Improving Quality in Object-Oriented Software. Systematic Refinement and Translation of Models to Code

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Bunse, C. ; Atkinson, C. (1999)
  • Subject: object-oriented development | pattern | refinement | translation | Unified Modeling Language (UML)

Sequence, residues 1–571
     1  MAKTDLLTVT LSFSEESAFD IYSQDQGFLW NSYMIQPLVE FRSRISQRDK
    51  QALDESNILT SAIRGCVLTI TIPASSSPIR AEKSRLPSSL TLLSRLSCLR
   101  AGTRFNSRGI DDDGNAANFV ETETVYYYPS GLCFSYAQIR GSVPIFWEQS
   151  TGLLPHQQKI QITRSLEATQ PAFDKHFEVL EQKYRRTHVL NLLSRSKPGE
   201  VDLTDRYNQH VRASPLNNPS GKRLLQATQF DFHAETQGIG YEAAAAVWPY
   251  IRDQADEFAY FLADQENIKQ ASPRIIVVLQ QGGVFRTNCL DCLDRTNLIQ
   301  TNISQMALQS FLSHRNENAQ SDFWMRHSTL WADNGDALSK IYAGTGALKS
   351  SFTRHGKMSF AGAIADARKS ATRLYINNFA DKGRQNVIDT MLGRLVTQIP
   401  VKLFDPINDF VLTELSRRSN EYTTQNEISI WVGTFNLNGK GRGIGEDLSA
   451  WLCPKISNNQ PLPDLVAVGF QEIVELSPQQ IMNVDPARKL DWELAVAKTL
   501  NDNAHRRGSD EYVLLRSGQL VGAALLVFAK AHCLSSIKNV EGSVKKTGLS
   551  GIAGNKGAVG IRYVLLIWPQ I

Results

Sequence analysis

The reliable attainment of quality requirements is still a major weakness of the object-oriented development paradigm, with a significant proportion of object-oriented systems either failing to work correctly, or failing to do so in a way that meets non-functional requirements. One of the main reasons for this problem is the discrepancy between the various object-oriented languages/notations typically used during the course of an object-oriented project and the lack of well-defined mappings between them. This paper describes a practical strategy for addressing this problem, known as SORT, which is based on two fundamental tenets: distinguishing and strictly separating refinement from translation, and the definition of a common, core set of object-oriented implementation concepts to minimize the gap between object-oriented models and programs. When used in a systematic way, SORT can not only improve the quality of an object-oriented system, but can also significantly increase confidence that the desired quality levels have been attained. The approach is applicable to most major modeling and programming languages although, in this paper, we concentrate on the UML and C++.
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